Autodoping • Autodoping from the backside, edges, or other sources usually results in a relatively constant level. • This is because the source of dopant does not diminish as quickly but is at a much lower level.
APCVD The left part of the curve arises from the out-diffusion from the substrate The straight line part arises from the front-side autodiffusion The background (constant) part is from backside autodoping
In APCVD • It is critical to deliver the same gas flows to all the wafers in order to produce the same growth rates • Wafers placed side-by-side • In LPCVD • Mass transfer coefficient is higher as the diffusion distance of reactants is increased. • the boundary layer thickness slightly increased as P decreases • Reactions are limited by ks where adsorption on wafer surface is key limiting step. • Wafers can be stacked parallel to one another • Note that this arrangement will provide a higher throughput
PECVD • There are some cases where temperature requirements (thermal budget) will not allow high-temperature depositions • E.g., depositing Si3N4 or SiO2 after Al • APCVD and LPCVD do not produce good quality films ~ 450oC • Reaction produced in a plasma ignited using an inert gas between two electrodes • The sample may be heated • Usually between 200-450oC
PECVD • Ideally suited to rapidly varying the film composition and properties during deposition • Apply a potential and an AC signal (13.56 MHz) across a low pressure of the inlet gases • The processes that occur are complicated and very difficult to model • The resultant products are very far from thermodynamic equilibrium • Generates high concentration of particulates • Pinhole density is a problem if chamber is not routinely cleaned.
PECVD Oxide Oxynitride Microfluidic Channels formed by PECVD
CVD LPCVD PECVD
Polysilicon • LPCVD • Deposited by thermal decomposition of silane (SiH4) • Deposition temperature range 580-650°C • SiH4 (vapor) = Si (solid) + 2H2 (gas) • A typical set of deposition parameters: • Temperature: 620°C • Pressure: 0.2-1.0 torr • SiH4 flow rate ~ 250sccm • Deposition rate = 8-10nm/min • Doping of film • In-situ (during deposition) by the addition of dopant gases such as phophine, arsine, and diborane • Often doped after deposition by diffusion or ion implantation • Typically highly doped to achieve low resistance interconnections • 0.01-0.001 ohm-cm can be obtained in diffusion-doped polysilicon.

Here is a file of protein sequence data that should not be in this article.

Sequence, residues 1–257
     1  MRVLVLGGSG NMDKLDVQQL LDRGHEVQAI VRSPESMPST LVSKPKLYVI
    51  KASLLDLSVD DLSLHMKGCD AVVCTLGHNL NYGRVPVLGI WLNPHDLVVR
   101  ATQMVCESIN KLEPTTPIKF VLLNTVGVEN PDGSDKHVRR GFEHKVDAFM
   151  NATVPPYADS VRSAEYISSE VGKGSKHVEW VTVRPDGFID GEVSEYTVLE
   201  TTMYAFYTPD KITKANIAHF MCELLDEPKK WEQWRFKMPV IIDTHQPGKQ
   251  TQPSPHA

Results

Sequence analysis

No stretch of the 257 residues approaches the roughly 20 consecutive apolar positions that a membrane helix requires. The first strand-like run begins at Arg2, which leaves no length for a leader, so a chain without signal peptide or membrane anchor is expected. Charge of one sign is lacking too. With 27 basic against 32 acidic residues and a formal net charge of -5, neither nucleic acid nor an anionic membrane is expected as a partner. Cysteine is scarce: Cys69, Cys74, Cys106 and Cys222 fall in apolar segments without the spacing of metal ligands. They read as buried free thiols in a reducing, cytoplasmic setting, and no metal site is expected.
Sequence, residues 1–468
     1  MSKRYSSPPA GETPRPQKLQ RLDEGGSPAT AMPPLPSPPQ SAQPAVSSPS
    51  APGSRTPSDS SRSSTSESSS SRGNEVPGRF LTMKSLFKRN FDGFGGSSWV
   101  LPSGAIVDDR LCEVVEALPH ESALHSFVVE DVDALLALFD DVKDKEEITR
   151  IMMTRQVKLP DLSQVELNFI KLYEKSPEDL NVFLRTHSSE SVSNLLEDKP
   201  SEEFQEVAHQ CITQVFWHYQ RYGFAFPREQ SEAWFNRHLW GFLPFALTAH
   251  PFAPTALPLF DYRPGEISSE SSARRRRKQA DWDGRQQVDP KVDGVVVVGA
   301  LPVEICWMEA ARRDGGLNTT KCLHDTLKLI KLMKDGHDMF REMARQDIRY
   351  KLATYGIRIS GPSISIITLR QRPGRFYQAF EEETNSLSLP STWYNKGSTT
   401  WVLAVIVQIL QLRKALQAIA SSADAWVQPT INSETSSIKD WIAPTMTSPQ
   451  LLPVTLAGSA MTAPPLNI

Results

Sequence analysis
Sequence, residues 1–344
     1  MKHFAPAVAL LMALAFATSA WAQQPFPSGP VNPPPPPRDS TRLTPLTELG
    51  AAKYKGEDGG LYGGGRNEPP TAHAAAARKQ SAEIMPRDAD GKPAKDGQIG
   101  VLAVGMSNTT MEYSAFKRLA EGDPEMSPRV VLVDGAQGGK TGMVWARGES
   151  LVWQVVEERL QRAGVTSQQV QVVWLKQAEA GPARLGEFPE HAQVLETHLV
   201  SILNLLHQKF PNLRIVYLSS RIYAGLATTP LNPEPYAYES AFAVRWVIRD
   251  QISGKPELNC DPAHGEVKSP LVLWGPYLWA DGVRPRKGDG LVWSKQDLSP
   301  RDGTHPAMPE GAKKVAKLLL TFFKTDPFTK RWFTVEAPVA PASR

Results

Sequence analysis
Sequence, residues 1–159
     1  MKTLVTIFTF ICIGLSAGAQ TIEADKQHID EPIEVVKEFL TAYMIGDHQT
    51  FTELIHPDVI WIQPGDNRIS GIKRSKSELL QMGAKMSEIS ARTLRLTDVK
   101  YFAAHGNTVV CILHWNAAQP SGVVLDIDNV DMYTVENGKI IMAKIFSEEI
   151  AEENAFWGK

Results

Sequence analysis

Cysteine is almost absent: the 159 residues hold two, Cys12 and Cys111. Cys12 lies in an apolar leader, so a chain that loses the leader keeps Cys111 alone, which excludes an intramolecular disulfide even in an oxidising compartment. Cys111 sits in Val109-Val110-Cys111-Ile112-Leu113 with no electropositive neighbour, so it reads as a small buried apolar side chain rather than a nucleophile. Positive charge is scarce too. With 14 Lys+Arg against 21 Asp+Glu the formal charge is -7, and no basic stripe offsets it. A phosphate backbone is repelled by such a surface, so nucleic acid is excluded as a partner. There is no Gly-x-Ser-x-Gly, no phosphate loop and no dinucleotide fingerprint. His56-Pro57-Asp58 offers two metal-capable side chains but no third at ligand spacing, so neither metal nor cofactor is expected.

Silicon dioxide • Variety of methods (PECVD, LPCVD, APCVD) • Index of refraction is used to determine the quality. • Can be doped or undoped • Oxide doped with 5-15% by weight of various dopants can be used as a diffusion source. • PECVD oxide • SiH4 (gas) + 2N2O (gas) SiO2 (solid) + 2N2 (gas) + 2H2 (gas) • Temperature: 200-400°C • Deposition rate of 900nm/min is achievable • Not a good step coverage • Controllable film stress (compressive) • Contains hydrogen (SiOH) • Used for deposition over metals • LPCVD oxide using dichlorosilane • SiCl2H2 + 2N2O SiO2 + 2N2 + 2HCl • Temperatures ~ 900°C • Good step coverage • Compressive stress used to stress-compensate LPCVD nitride
Oxide • LPCVD oxide using tetraethylorthosilicate (TEOS) (liquid source) • Si(OC2H5)4 SiO2 (solid) + 4C2H4 (gas) + 2H2O (gas) • Deposited at temperatures between 650-750°C • Excellent uniformity and step coverage
Silicon nitride • Variety of methods (PECVD, LPCVD, APCVD) • Can be used as an oxidation mask (LPCVD) • An excellent barrier to moisture and sodium contamination (PECVD) • PECVD nitride • SiH4 (gas) + NH3 (gas) SixNyHz (solid) + H2 (gas) • Deposition temperature: 200-400°C • Deposition rate of 20-50nm/min • Not a good step coverage • Controllable film stress • Changes after high temperature anneal due to H2 out-diffusion • LPCVD nitride using dichlorosilane • 2SiCl2H2 (gas) + 4NH3 (gas) Si3N4 (solid) + 6H2 (gas) • Deposition temperatures: 700-800°C • Good step coverage • Tensile stress • Better resistivity (1016 ohm-cm) and dielectric strength (10 MV/cm) compared to PECVD nitride films (106-1015 ohm-cm and 1-5MV/cm)